So, what do you do when you want to make something, and make something now? You make a bot. Last year, Damon and I got frustrated with how long it was taking to finish the projects we were working on together, so we started coming up with little art project Twitter bots, things that we could get done and out there in a few days, and that we could expand and improve upon over time. The first one we made was Jerry Botheimer (@jerrybotheimer), who generates blockbuster movie pitches by plugging the names of random actors, genres, adjectives, pets, etc into forumulae that reflect the formulaic nature of Hollywood filmmaking. It was a fun way to creatively experiment with bot-making and tweak the entertainment industry at the same time. Then we wanted to do something visual, to play around with the #kiddieridesofbrooklyn pictures I’d been posting on Instagram – photographs of those strange and occasionally creepy-looking 50-cent rides you find outside of laundromats and bodegas around the borough – so we came up with Kiddie Rides Bklyn (@kiddieridesbk), which takes those figures and randomly places them into historical photos in the public domain. Over time we’ve added to both of the corpora that each of these bots draws from, adding more formulae, actor names, photos of kiddie rides, and background photos (we started in black and white, then moved on to color), so that the two bots don’t get stale, and can continue to evolve a little bit.

On 1/20, we decided it was time to take a turn for the political. We added a bunch of special pitches to Jerry’s list, some new movie ideas that reflect our current reality and its potential dramatic denouement. They’re meant to be both darkly comic and thought-provoking, but on which side the majority fall will probably depend on how prophetic they turn out to be. We also added a bunch of new background photos to the kiddie rides canon from Obama’s first 100 days, as both a tribute to our 44th president and to provide a contrast with the first 100 days of #45. Both bots will exclusively tweet this new content for the rest of January, and then it’ll be added into their regular streams from here on out. But that still didn’t feel like enough, so after a little back-and-forth about how frustrated and pissed off we were feeling on inauguration day, we created About a Bully (@insultingdonald), a bot that tweets all of Trump’s Twitter insults, but about him. (Yes, this is the great thing about the internet: somebody is always keeping track of that shit, and you can find it). It’s a cathartic stream of ugliness to watch him unload on himself, and also revealing. If you ever needed proof that the mean things we say to other people are often just things that we are insecure about ourselves, it’s all here in About a Bully’s Twitter feed.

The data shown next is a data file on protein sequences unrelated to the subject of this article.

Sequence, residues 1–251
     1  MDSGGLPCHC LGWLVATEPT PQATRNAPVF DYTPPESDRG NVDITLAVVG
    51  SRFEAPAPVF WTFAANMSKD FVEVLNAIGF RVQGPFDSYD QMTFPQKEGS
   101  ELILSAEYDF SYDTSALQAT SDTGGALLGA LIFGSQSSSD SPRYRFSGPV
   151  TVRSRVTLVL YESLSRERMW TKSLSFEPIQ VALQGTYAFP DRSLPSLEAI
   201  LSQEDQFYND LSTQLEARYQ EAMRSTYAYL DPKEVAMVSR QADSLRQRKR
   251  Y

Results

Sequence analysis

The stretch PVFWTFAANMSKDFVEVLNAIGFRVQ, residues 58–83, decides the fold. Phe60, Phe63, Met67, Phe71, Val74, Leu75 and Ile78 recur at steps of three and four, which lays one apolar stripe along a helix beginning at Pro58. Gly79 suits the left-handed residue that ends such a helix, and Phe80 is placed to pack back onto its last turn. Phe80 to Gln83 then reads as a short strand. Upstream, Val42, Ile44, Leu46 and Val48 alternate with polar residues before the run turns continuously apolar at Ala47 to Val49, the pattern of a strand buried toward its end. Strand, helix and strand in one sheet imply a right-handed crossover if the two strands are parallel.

These bots aren’t complicated and they aren’t making huge statements, and that’s kind of the point. We want them to provide you with a chuckle and maybe a little bit of a think that won’t take too much of your time, in the same way that they didn’t take too much of ours. And just maybe they’ll also inspire you to take the next step to think, How can I resist, and do it intelligently, uniquely, creatively? What special talents do I have to offer this moment, this movement, and how can I use them, starting now?

1/21 was just day one.